$100 a week Internet lines.

In responding to a media complaint
last month that defense lawyers were barred from the Pentagon's
air-conditioned press conference room when prosecutors were not there to
provide a counterpoint press conference, the war court's legal advisor,
Michael Chapman, wrote one reporter: "We believe that this
unprecedented level of transparency demonstrates our commitment to human
rights and justice.''

TV reporters complained that their lenses
fogged up in the humid, open-air abandoned hangar where interviews were
authorized. Instead, military escorts were using the air conditioned
press conference room to screen news video footage and decide which must
be deleted for "operational security reasons.''
The military
requires news groups to destroy imagery that might tip off al Qaeda or
other enemies to how they safeguard operations. Most faces are out, as
are portions of the shoreline and monitoring posts.
Sometimes
that means the courthouse can't be photographed. Other times censors
have destroyed photos with visible barbed wire or florescent orange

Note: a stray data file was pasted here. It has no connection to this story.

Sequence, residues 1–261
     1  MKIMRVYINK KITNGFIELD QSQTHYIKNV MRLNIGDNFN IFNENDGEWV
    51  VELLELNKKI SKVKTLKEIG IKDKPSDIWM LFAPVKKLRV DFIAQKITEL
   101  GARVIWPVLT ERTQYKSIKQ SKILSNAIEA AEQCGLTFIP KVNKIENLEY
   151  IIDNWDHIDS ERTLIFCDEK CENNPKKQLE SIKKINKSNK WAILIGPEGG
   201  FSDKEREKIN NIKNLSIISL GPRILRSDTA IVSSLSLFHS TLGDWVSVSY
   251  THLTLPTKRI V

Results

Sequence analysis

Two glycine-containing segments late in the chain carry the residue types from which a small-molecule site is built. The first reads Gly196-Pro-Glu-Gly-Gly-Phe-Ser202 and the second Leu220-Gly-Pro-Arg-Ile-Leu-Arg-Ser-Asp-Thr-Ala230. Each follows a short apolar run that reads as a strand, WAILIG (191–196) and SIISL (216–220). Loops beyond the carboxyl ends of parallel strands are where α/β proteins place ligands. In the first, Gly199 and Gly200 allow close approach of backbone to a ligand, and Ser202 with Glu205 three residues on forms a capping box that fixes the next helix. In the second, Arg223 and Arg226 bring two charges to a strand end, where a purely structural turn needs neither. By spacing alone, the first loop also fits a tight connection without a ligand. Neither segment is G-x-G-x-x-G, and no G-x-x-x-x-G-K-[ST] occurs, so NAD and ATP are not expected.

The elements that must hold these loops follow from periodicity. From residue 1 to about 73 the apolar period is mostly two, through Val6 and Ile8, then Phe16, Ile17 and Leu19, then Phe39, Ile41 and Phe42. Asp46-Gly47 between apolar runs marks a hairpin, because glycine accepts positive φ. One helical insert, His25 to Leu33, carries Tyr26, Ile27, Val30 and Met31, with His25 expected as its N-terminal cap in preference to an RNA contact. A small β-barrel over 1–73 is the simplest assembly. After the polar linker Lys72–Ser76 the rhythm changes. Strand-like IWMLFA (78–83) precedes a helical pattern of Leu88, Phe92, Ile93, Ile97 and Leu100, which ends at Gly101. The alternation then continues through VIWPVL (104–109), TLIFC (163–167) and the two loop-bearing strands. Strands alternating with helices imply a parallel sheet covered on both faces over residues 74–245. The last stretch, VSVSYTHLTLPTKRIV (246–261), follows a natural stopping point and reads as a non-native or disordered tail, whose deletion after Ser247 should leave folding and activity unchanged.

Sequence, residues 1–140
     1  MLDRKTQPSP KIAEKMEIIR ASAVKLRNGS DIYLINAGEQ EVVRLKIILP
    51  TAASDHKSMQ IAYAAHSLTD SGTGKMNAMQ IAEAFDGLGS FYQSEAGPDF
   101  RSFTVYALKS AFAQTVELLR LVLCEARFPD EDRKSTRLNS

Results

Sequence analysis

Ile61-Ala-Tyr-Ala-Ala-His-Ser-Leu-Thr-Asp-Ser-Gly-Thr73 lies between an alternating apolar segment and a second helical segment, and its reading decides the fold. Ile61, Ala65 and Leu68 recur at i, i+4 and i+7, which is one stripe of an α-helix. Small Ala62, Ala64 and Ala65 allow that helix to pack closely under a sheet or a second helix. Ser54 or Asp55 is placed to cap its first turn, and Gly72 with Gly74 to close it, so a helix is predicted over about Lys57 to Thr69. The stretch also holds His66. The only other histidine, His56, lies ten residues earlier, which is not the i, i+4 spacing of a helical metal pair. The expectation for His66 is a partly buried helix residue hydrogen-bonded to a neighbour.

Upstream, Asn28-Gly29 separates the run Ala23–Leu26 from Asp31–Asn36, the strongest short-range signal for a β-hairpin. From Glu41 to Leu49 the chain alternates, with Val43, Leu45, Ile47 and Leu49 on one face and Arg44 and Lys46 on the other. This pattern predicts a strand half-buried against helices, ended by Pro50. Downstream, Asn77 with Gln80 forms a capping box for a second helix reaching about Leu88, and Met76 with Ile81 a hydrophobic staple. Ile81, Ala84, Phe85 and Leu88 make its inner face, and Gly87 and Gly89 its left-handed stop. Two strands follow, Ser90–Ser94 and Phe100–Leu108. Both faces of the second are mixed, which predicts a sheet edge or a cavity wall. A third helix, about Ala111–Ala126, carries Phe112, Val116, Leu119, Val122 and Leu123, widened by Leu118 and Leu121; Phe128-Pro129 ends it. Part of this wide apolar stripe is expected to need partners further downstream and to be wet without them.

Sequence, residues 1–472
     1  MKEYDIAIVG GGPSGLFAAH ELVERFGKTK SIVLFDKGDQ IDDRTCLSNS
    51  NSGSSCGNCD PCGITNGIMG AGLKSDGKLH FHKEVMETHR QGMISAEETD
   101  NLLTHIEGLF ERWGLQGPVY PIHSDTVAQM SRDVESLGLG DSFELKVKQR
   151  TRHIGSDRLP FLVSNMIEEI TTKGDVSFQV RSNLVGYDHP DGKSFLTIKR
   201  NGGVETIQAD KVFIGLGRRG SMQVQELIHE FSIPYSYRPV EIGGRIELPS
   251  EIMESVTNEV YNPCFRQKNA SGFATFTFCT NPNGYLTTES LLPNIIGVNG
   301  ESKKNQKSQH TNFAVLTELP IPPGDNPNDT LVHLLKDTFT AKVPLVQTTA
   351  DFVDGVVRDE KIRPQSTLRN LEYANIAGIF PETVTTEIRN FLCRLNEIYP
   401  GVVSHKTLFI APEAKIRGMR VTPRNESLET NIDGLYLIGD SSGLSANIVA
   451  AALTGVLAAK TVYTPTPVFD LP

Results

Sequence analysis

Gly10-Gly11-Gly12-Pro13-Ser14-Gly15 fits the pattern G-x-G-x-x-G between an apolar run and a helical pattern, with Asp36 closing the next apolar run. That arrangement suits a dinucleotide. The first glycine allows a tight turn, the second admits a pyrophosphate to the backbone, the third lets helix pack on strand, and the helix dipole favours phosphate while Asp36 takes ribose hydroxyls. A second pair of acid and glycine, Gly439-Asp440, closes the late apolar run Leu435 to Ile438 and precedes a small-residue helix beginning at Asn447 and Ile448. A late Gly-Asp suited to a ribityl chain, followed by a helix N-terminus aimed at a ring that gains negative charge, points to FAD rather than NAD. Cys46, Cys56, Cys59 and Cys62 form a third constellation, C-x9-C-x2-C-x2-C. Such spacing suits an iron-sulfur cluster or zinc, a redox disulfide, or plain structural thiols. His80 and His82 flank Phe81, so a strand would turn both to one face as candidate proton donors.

traffic barriers.

The military transported 35 journalists for the
two-week hearing, many of them from broadcast outlets, which are not
allowed to record in the courtroom. The media entourage dwindled to 14,
four of whom were banned from returning because they allegedly violated
Pentagon ground rules protecting the identities of some people who
testify in the proceeding.

Also secret at the Khadr hearing was a
screening of a grainy 2003 video in which an at-times weeping Khadr was
being questioned by a Canadian intelligence agent at Guantánamo.
It
was still classified at Guantánamo -- as are all tapes of interrogation
-- even though a Canadian court released it in June 2008. So reporters
excused from the proceedings used their Internet lines to watch it on
YouTube.

Reporters weren't the only ones excluded. Canadian
attorney Nate Whitling didn't have the court-approved clearances to
watch it either -- even though he provided the version viewed in secret
session by burning it onto a DVD at the trailer park where lawyers live
below the hilltop tribunal building.
"

As I understand it, there's
been amendments to the act under Obama that are more restrictive in
terms of the types of confessions that could be admitted as evidence,''
Whitling said in an interview later from Canada.
"But in terms of
transparency, I see no difference between Obama and Bush at this
particular point.''